What we learnt from inviting our most regular commenters into The Times
“I’ve got two daughters and my eldest looks over my shoulder when she sees me commenting and says ‘How old are you?’,” says Swiss Tony, one of our most prolific and divisive Times commenters. “You feel like you’re four and you’re being told off by your mother. But it’s your own little world.”
Online critics like Swiss Tony who regularly get into heated debates are often labelled as “trolls” and can find themselves either banned or moderated. The problem is that banning doesn’t always deter them; instead they can set up new aliases or accounts.
We are fortunate to have few such commenters. But we wanted to find out more about our regular commenters’ motivations, who they are and what makes them tick. So Amber Bryce, social media and community journalist, and I invited nine of the most prolific commenters on Brexit articles into the offices of The Times on the anniversary of the triggering of Article 50. They debated with journalists and columnists, before taking part in a Q&A on our commenting strategy and a tour of the newsroom. Here’s what they told us:
Comments are often posted in the heat of the moment
Subscribers said that the anonymity of commenting meant that they often wrote things they would not be happy to say in real life.
“It’s very easy to stoke up responses with a glass of wine in one hand, or both hands,” said Swiss Tony, who asked us not to publish his real name for work reasons. “You don’t have to have a well-formed argument. You can just put it out there. And that makes people lazy.”
Some regret their off-the-cuff posts. Ben Whitelaw, head of audience development for The Times and The Sunday Times, says: “When we used to pre-moderate all our articles people would regularly email us after posting a comment and say ‘I’m not quite happy with what I said — can you delete it’.”
Female subscribers can feel too intimidated to comment
The statistician Emma Pierson found that women were less likely to post comments on the New York Times website. Likewise, female readers of The Times told us that they often felt too intimidated to comment, particularly in conversations dominated by male voices.
Female commenters felt that they got more abuse for their opinions. Mrs Fox says: “When I first starting commenting on The Times my account was under my husband’s name, so I signed off my comments ‘Mrs Fox’. I decided to change it to my name and got a load of abusive comments saying, ‘You killed your husband’, and, ‘I’m not surprised he’s run away’. You do think, this wouldn’t happen if I’d been a man. In fact, there was somebody going round using his wife’s account and signing off with his name. When he switched usernames nobody asked him what happened to his wife.”
Mrs Fox said that that these subtle differences in how people responded to women discouraged others from getting involved. Our other guests agreed that they saw women who commented receiving more abuse.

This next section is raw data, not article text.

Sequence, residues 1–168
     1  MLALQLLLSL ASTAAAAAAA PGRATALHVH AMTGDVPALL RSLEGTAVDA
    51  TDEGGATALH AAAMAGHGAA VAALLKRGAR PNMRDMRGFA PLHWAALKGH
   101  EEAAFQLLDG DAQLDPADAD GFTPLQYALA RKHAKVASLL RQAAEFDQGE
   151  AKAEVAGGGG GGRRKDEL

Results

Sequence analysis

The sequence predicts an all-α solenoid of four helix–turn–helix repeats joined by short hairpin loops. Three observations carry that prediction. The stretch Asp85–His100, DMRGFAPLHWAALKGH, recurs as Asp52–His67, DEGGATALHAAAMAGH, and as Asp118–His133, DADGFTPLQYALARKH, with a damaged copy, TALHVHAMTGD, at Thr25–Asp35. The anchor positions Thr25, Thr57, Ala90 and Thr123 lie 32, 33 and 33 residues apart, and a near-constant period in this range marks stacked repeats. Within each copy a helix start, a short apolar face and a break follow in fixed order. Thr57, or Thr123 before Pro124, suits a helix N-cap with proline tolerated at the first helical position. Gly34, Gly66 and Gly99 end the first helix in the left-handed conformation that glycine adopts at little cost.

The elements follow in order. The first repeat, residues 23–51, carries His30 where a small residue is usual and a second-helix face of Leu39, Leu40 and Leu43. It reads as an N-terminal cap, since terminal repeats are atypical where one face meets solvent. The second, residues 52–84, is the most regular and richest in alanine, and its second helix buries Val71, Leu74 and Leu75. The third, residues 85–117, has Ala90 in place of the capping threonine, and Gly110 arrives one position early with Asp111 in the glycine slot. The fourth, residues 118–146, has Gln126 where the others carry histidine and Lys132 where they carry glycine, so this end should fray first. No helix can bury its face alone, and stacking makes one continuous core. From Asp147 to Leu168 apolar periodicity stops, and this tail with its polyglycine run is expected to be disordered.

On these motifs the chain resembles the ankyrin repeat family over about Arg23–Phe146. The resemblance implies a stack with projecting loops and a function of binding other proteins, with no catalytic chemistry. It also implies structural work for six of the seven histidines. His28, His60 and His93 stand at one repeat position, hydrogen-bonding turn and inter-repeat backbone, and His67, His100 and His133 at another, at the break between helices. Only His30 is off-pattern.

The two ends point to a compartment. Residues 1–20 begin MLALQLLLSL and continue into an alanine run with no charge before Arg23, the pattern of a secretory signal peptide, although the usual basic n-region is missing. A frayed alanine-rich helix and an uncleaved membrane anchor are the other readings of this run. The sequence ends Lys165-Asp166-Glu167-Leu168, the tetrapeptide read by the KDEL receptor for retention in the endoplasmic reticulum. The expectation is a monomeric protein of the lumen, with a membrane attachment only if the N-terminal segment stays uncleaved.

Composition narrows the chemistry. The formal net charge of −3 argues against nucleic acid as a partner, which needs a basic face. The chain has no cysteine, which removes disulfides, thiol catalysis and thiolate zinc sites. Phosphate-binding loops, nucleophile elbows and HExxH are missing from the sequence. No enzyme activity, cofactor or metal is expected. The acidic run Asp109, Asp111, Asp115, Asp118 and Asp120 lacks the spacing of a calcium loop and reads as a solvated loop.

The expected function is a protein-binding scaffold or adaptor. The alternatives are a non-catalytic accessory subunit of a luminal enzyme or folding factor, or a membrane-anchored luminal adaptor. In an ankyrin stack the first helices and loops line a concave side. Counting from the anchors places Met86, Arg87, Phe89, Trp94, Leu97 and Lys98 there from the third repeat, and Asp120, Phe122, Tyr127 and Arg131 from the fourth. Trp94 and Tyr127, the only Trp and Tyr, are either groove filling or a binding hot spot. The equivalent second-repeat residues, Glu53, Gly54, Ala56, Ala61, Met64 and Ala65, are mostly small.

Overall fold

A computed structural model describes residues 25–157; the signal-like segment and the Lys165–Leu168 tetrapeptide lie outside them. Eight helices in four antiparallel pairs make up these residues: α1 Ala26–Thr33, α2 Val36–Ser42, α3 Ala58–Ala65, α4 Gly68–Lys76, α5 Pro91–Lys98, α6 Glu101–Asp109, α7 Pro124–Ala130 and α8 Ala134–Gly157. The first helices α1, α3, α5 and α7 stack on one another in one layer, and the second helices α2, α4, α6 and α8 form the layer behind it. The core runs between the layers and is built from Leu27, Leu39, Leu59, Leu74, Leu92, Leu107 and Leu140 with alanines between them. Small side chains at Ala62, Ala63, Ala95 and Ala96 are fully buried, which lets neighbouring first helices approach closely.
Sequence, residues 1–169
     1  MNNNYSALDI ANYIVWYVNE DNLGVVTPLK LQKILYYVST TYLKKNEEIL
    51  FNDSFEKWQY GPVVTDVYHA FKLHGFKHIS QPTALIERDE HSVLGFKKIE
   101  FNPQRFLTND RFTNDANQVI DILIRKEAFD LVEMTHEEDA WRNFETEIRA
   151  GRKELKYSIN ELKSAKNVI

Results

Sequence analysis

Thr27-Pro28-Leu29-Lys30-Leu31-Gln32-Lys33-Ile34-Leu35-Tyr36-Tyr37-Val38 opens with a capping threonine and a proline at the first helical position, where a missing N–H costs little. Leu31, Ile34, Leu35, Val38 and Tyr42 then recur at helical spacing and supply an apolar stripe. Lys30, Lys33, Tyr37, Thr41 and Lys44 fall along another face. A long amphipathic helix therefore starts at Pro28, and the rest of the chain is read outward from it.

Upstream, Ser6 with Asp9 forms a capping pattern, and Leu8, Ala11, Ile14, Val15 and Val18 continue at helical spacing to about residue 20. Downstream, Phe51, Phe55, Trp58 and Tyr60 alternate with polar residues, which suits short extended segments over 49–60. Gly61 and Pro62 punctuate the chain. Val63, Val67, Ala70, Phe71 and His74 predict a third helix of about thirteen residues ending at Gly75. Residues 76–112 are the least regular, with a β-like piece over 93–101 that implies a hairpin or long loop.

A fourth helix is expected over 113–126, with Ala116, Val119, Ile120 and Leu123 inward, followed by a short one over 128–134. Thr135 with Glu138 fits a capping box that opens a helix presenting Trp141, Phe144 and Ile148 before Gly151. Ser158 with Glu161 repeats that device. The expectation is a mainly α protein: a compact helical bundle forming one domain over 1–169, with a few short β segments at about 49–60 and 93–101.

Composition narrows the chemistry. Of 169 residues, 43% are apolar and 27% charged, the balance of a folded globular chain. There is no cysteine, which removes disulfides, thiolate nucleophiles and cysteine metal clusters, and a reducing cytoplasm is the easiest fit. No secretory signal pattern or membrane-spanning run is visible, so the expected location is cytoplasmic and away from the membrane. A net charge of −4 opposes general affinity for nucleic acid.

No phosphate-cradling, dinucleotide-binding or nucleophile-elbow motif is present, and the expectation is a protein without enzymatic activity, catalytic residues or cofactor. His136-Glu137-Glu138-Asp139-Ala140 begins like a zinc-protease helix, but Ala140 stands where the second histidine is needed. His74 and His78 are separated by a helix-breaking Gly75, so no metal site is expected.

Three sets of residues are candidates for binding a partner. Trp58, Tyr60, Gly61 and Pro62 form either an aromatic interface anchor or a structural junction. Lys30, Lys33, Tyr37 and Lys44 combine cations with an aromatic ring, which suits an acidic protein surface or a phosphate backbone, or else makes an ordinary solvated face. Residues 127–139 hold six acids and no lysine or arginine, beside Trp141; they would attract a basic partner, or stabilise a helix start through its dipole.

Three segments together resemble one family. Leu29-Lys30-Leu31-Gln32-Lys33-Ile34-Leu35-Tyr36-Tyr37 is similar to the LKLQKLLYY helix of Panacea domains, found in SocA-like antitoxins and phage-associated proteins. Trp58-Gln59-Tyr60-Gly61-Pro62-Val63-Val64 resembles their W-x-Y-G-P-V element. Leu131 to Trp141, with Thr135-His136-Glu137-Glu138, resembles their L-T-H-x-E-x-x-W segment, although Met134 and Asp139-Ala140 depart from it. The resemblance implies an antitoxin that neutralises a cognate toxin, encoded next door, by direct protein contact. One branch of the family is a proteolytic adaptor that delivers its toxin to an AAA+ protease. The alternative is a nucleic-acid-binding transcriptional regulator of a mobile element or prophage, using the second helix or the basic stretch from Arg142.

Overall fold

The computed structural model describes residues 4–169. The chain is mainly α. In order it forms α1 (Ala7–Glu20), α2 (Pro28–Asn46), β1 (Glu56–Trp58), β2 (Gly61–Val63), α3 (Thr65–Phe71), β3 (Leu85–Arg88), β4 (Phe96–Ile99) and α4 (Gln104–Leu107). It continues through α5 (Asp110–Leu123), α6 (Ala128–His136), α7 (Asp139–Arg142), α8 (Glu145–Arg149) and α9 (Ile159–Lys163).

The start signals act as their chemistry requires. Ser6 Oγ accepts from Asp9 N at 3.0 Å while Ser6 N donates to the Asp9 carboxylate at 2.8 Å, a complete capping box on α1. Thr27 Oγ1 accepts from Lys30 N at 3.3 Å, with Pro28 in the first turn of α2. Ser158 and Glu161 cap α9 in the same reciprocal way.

Commenting is a social experience
Several readers told us that they commented because friends and family weren’t particularly interested in the news. Swiss Tony said: “My wife isn’t particularly politically engaged and some of the conversations I have with other commenters I wouldn’t necessarily have at home.” Sameen said: “Commenting is a lot like the dinner party they never invite you to.”
It’s like the dinner party they never invited you to
This was something we hadn’t expected. Working every day in the newsroom it’s easy to forget that not everyone is interested in the goings-on in Westminster or what’s happening on the stock markets. Mrs Fox agreed that The Times comment section gave her an outlet for political discussions. “My family are not political. My kids live abroad, and my husband downloads The Times on his iPad so he doesn’t get the comments. All he knows is that I’m at the computer but he doesn’t know what I’m doing.”
Paul said that the sense of community kept him coming back. “I enjoy the debate and persuading people. If I can see that — just to get involved and maybe win someone round. Sometimes you can see people soften and I enjoy that.”
Our most provocative commenters are often our most loyal readers
All of our prolific commenters had been reading The Times for decades, some for more than 50 years. They comment, essentially, because they want to improve what we do.
Andrew says that his desire to comment comes from a wish to correct. “There’s a certain sense of frustration when you see something you disagree with. So you have the opportunity to say why it’s wrong — I enjoy that.”
What does this mean for us?
Commenters told us that meeting us, and each other, gave them a new perspective. Paul said: “On reflection [attending the event] will definitely influence how I write and interact… having actually met the moderators and some of the commentators. I didn’t appreciate that the set-up would be such a big and integrated part of the Times organisation.”
For us it was fascinating to meet those behind the screen names and to understand why they comment. True success will mean using this experience to strengthen the relationship between our journalism and readers.
First, we want to encourage more women to comment: no one should feel too intimidated to have their say. We also plan to focus on lifting up minority voices within our readership by hosting diverse in-person events. For our writers and journalists, we are putting together commenting guidelines to encourage more informed debate across the website. Similarly, we are running more community journalism projects to involve commenters in our journalism, be that through Q&As with columnists or as case studies for articles.
Most importantly, we learnt that our biggest critics are often our most loyal readers.